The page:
Apologies beforehand if this has already been answered. I have seen a couple of threads touching on the same issue, but without providing a satisfactory answer.
I basically have a power control problem, and need to find the optimal power control vector for an overdetermined linear system of equations. For some runs I get negative(!) transmit powers, and can’t figure out the reason why. I provide code for one such run below. CVX returns that the problem has been solved, but I would’ve thought that it would provide some error for violating the constraint.
Thanks in advance for your help on what is probably a trivial question with a trivial solution.
A = 1.0e+07*[0.5486,0.0115 ; 0.0045,0.0001; 0.1677,0.0043 ; 8.0777,0.1686;0.0007 , 0.0128];
n = 2; m = 5; pmax = 0.25;
b = pmaxones(m,1);
l = zeros(n,1);
u = pmaxones(n,1);
minimize( norm(A*x-b) )
l <= x <= u
I ran this using SeDuMi and SDPT3, and the smallest component of x was respectively -9e10 and -4e-8. This is essentially within solver tolerance of the lower bound value of zero, so it is not considered to be a violation of the constraint.
Your problem has bad scaling. The optimal solution is very close to being [0;0]. If you divide each of A and b by 1e5, then the minimum component of x is -1e-12 and -4e-11 for SeDuMi and SDPT3 respectively. You can read http://cvxr.com/cvx/doc/solver.html#controlling-precision and also search for occurrences of “tolerance” in the CVX User Guide.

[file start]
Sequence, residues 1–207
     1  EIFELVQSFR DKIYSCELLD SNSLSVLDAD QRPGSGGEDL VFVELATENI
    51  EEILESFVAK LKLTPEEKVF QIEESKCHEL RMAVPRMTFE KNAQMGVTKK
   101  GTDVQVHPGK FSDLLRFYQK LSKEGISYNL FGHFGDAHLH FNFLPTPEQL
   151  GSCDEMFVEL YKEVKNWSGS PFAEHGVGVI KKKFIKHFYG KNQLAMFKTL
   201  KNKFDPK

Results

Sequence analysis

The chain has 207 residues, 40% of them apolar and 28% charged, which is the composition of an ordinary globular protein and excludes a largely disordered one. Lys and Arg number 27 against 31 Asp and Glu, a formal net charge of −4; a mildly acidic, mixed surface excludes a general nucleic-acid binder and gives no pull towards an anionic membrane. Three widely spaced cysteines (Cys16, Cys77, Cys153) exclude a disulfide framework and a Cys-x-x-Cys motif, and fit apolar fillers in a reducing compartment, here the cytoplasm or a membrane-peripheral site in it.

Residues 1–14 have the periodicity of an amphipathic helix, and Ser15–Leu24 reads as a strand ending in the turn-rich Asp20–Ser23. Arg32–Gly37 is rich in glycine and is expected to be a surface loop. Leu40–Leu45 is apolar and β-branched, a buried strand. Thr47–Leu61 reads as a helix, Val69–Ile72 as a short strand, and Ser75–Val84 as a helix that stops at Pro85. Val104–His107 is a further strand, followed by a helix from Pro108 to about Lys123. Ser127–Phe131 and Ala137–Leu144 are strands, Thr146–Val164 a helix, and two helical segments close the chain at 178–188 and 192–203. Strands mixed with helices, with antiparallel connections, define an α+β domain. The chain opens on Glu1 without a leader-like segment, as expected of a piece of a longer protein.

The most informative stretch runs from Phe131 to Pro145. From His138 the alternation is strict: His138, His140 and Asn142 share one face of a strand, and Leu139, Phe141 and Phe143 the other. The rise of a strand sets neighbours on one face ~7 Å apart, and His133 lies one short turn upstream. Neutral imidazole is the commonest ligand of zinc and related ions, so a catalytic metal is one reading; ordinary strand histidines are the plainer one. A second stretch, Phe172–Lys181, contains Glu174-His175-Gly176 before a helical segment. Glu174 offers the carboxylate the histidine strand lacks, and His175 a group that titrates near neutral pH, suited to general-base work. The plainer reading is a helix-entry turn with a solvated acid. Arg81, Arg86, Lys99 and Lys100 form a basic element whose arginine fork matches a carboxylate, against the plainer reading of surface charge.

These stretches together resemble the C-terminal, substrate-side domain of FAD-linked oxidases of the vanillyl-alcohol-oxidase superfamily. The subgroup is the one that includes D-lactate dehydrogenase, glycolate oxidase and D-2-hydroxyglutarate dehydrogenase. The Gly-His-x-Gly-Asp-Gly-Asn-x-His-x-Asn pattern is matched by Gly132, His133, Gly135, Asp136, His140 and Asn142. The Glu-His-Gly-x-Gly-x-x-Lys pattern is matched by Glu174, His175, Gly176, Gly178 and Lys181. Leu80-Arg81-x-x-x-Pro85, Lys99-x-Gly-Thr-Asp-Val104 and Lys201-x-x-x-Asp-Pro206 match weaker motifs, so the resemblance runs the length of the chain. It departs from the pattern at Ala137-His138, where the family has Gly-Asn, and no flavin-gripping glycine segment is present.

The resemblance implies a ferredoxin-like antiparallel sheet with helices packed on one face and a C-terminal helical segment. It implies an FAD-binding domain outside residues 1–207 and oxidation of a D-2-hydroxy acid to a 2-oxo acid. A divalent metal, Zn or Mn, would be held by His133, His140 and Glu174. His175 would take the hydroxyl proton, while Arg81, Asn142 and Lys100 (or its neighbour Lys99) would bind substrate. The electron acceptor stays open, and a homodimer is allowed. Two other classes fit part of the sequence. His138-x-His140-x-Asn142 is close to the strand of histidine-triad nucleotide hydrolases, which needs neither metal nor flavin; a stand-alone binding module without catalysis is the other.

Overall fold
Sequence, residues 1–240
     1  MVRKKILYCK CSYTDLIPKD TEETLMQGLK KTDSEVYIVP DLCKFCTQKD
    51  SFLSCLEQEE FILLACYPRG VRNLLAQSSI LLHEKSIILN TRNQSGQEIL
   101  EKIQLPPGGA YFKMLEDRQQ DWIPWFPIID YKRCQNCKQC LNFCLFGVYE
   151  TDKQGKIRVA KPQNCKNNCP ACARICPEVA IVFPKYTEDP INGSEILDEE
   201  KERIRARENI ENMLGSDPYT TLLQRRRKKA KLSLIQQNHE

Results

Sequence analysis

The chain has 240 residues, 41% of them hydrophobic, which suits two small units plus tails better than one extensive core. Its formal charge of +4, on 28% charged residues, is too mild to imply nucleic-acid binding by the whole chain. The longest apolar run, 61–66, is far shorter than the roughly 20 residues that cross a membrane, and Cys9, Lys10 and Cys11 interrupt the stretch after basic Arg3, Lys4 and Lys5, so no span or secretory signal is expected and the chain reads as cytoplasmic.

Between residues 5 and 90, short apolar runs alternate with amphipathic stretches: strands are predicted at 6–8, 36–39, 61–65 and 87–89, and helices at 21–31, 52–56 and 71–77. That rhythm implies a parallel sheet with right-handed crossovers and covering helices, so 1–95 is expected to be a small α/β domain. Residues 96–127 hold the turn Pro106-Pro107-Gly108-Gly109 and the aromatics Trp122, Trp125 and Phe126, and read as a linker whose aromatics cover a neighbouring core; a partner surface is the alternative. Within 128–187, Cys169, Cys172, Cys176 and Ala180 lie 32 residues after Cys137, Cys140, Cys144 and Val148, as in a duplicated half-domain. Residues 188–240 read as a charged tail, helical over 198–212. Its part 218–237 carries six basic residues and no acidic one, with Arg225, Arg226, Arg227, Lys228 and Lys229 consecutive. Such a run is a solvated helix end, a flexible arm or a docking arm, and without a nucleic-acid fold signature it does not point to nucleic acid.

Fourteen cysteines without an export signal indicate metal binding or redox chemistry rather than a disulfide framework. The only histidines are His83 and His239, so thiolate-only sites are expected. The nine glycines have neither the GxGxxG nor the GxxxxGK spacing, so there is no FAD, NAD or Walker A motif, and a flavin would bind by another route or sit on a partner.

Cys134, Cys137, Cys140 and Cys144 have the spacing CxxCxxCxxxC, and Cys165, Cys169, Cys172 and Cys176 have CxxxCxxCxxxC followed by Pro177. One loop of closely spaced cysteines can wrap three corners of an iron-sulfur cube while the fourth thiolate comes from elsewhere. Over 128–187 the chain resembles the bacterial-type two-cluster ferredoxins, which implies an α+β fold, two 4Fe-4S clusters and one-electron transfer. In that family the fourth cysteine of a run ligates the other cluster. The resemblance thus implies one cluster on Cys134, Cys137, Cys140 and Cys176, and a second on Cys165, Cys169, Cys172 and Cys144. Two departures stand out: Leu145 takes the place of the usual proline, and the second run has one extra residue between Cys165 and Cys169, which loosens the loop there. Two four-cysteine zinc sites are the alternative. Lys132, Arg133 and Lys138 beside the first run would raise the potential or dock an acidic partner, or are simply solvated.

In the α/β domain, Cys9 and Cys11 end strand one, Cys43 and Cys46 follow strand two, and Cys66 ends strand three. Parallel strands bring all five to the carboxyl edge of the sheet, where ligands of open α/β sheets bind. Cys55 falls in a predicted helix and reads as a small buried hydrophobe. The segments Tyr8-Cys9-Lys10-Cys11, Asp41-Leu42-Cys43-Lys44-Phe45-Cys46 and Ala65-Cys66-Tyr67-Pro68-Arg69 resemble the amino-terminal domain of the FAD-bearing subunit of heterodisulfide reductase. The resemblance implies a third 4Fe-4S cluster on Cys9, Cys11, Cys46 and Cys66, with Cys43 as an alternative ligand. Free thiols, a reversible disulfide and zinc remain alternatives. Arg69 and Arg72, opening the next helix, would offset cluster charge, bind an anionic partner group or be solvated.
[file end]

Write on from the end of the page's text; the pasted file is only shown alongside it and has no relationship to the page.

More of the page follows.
I’m still a bit unsure though as to what the general rule should be to deal with this phenomenon. Imagine a Monte Carlo simulation where the matrix A is different in each run and where the elements of A can differ with several orders of magnitude in any given run.
I guess for this particular problem the solution would be to
(1) go with the negative powers whenever they appear as long as (0-tol)<=p, where “tol” is some tolerance (maybe the same as the solver’s precision?)
(2) make every power that lies between (0-tol)<=p<0 equal to zero. If the power is negative for p<(0-tol), then I would output an error.
What do you think? What would you do in this case?
If CVX declares success, I recommend you accept the solution. If it is required for your usage that the solution not violate the bounds by even the smallest amount, then it is probably reasonable to move the solution to the violated bound, 0, in your example. Another option is to specify a small number, q, and specify your bounds as l + q <= x <= u - q .with q at least as big as the solver tolerance. That way, the solution returned should satisfy your unadjusted constraints, even though it may remove some solutions from consideration which in reality are feasible.